By Philip Macalister, ShareChat Business News Editor
Sunday 4th May 2003
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Hart says that Goodman and their advisers fed those comments into the public domain in the early days of the offer, but it "wasn't prevalent in the latter part."
He says the structure is in the middle of typical food company debt profile and that it's at the conservative end of a food company leveraged buyout using United States comparisons.
"In substance when (commentators and analysts) sat down and looked at the way we structured the debt, the cash flows of the organisation and the stability and predictability of those cash flows (because we are very diverse by both geography and businesses) everybody got quite comfortable with it."
Hart says the three key things to consider in the offer are:
1. The stability and predictability of the cash flows. He says food is a defensive business by its very nature and that Burns Philp has diversified its risk by geographic diversity in countries that have stable economic environments. Also the business is diversified across products from ingredients to fast moving consumer goods (FMCG) and consumer branded products. "You can be very confident that the cash flows predicted will come in, in a stable manner every day of the year. That is critical when you are looking at it as a debt investor."
2. Management. Hart says the business has a tremendously strong management team and its track record is good. Added to that it hasn't started improving the Goodman business beyond the $25 million it has cut in costs in the first four weeks of ownership. "We have only just started we haven't done much value adding yet."
"We have a good track record of getting businesses to the low end of the cost curve and the high end of the performance measures. And that's what we are going about doing."
3. Financial statistics. "We're not over-levered and we are not under-levered.
Besides those factors there are two others that stand out. One is Graeme Hart himself (and his business philosophy), the other is the company's brands.
Many consider Hart to be a risk taker and someone who might have got a few lucky breaks on his way to making a fortune. The reality is quite different. He has a simple, and maybe old-fashioned way of doing business, and a very clear strategy.
Just listen to him.
Hart: "It's funny because some people say 'Gee whiz you take lots of risk' and I say I don't take any risk mate."
The businesses he has been involved in from Government Printing, to Whitcoulls to Burns Philp, all have similar characteristics.
"They look like everyday predictable consumables," Hart says. "Whether you've used your pen and had to buy a new one, or eaten a loaf of bread and had to buy a new one.
"What I know is you are going to consume it everyday and come back for a new one."
Hart says the difference between Whitcoulls and Burns Philp is that he hit a ceiling with the former and couldn't grow any further.
"What I enjoy in the food business is that it's got very similar characteristics (to the other businesses) but I'm not hitting any glass ceilings I don't have a growth constraint as the sector is so much larger and you can operate on a global basis."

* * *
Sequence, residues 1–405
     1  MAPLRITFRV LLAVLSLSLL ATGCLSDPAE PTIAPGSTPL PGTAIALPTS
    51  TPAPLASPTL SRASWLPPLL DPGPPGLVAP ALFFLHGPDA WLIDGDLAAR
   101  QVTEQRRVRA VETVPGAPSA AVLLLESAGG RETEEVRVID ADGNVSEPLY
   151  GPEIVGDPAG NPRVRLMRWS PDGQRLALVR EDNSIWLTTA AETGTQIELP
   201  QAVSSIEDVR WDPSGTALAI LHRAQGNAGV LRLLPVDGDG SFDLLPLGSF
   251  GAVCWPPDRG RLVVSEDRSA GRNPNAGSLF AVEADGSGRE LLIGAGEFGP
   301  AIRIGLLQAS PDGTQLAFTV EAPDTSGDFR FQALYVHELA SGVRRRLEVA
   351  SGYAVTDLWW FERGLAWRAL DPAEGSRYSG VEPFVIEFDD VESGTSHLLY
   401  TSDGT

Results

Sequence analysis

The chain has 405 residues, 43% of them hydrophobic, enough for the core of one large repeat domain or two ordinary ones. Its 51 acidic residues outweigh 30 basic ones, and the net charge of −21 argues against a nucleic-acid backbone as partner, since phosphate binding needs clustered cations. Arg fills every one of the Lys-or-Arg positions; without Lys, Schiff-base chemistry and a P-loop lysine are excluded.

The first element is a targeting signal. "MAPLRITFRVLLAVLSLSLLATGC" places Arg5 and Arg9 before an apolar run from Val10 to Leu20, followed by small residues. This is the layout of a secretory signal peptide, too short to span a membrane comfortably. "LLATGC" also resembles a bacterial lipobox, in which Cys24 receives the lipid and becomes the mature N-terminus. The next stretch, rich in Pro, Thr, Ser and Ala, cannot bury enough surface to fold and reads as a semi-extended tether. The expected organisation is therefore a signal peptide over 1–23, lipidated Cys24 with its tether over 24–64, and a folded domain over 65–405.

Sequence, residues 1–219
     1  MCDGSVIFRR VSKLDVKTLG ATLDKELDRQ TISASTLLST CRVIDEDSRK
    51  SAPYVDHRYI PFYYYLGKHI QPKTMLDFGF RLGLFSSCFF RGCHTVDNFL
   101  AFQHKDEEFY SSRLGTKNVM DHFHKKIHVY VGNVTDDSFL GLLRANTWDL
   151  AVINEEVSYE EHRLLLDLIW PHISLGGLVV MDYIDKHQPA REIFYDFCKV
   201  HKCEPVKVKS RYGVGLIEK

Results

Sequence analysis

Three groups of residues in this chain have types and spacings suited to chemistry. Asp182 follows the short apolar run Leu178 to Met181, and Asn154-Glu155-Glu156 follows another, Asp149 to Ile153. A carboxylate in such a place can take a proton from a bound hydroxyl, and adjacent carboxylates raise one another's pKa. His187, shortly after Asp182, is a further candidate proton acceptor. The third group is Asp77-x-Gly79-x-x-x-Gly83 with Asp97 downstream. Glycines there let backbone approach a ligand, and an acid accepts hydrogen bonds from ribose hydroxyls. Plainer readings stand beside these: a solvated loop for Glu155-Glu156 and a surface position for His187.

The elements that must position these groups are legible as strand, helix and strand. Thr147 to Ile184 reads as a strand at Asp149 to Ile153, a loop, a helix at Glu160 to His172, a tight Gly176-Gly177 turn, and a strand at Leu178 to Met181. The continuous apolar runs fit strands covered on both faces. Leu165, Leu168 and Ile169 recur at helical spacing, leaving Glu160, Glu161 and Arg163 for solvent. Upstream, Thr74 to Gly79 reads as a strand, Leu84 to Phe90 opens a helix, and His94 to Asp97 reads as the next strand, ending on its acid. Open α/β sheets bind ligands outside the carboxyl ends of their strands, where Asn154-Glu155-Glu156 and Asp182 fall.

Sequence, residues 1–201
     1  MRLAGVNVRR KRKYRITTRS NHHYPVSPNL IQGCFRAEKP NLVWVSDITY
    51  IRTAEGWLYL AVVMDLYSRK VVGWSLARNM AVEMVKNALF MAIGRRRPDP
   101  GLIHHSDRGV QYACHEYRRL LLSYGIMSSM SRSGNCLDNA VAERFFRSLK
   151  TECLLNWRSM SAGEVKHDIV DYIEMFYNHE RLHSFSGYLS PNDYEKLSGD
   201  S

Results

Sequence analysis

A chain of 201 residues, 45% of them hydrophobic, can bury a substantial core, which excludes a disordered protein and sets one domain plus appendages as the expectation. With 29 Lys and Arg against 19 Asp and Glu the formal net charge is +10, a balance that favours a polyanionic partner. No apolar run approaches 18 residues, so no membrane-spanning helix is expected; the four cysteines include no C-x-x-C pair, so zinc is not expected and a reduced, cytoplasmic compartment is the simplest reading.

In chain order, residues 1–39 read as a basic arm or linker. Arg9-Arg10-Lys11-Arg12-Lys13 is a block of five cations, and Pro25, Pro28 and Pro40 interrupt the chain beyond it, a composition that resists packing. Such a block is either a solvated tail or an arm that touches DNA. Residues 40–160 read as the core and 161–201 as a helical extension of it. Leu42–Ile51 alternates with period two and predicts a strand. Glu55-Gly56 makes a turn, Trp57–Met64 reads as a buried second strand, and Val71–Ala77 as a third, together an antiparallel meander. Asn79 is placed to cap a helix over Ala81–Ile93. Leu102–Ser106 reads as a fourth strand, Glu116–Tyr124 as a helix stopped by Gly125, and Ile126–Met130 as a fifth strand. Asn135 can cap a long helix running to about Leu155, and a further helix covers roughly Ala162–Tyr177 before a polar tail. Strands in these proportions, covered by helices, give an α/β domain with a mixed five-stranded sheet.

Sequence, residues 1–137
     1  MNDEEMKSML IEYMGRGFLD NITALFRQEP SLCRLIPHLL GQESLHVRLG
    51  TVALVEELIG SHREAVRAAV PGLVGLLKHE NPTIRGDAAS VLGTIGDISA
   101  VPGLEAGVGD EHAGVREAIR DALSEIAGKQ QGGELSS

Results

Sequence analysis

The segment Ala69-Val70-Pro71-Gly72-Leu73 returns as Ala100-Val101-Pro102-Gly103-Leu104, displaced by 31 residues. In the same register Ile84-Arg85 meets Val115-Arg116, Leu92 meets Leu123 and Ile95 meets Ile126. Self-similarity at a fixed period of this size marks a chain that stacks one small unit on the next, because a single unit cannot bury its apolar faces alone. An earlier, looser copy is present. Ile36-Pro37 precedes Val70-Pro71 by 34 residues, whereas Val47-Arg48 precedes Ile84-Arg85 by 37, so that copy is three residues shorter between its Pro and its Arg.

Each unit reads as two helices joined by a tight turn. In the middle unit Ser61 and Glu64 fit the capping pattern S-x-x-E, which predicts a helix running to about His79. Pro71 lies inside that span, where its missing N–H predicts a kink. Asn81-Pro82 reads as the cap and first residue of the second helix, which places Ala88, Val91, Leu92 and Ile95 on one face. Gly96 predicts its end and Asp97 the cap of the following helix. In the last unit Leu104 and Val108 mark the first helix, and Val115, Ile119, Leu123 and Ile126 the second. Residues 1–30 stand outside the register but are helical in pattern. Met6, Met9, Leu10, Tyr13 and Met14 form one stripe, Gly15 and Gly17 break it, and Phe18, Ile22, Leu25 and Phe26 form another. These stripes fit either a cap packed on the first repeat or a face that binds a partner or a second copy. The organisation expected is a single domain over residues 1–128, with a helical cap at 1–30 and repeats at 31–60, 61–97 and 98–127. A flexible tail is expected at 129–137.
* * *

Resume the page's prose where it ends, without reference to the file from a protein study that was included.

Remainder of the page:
Some thought Hart was history when in June 1997 he bought a 20% stake in Burns Philp for $310 million then saw his investment shrink to a few tens of millions in a matter of weeks. Now after a lot of hard work and some smart restructuring Burns Philp has made Hart New Zealand's richest man by a big margin.
Was the Burns Philp turnaround and the successful takeover (against the odds) of Goodman Fielder part of some grand plan?
Hart: "I'd be cautious about saying it was all part of a grand plan but we went into the food sector with an intention of building a significant food group and that's what we are doing.
As the years tick by the group develops and evolves. And it's a fairly substantial group now."
When asked whether there were any reservations after Burns Philp stumbled five years ago he says: "Nah nah nah nah. Burns Philp when we got in there was exactly what we wanted in terms of the underlying food businesses. There were some surprises because they hadn't given everybody the facts on a number of points and we had to work that out but that didn't alter the fundamentals of what we were doing. We just got stuck in, worked it out and moved on."
He says there was a lot more noise about it than substance.
"People look back on it now and say you have done tremendously well and I don't really look at it that way. I say 'Hey, it's just all part of the continuum'".
"It doesn't matter whether you're a politician a sportsman or a journo, every so often you are going to have a bad hair day.
"Burns Philp was just part of a bad hair day," Hart says.
The other big factor behind the Goodman issue is that investors are getting to buy into a business which has everyday products across the bread and baked goods, breakfast cereals, nutritious snacks, cooking oils and margarine sector and includes top brands such as Bluebird, Meadow Lea, Ernest Adams, Edmonds, Quality Bakers, Freya's, Vogel 's, Irvines, Leaning Tower and Champion.
Hart says that having such brands and products provides investors with a "comfort factor".
At the end of the day the power of the brands and the association with New Zealand's richest man will make the Goodman Fielder offer look pretty attractive to retail investors. That's just what Hart wants.
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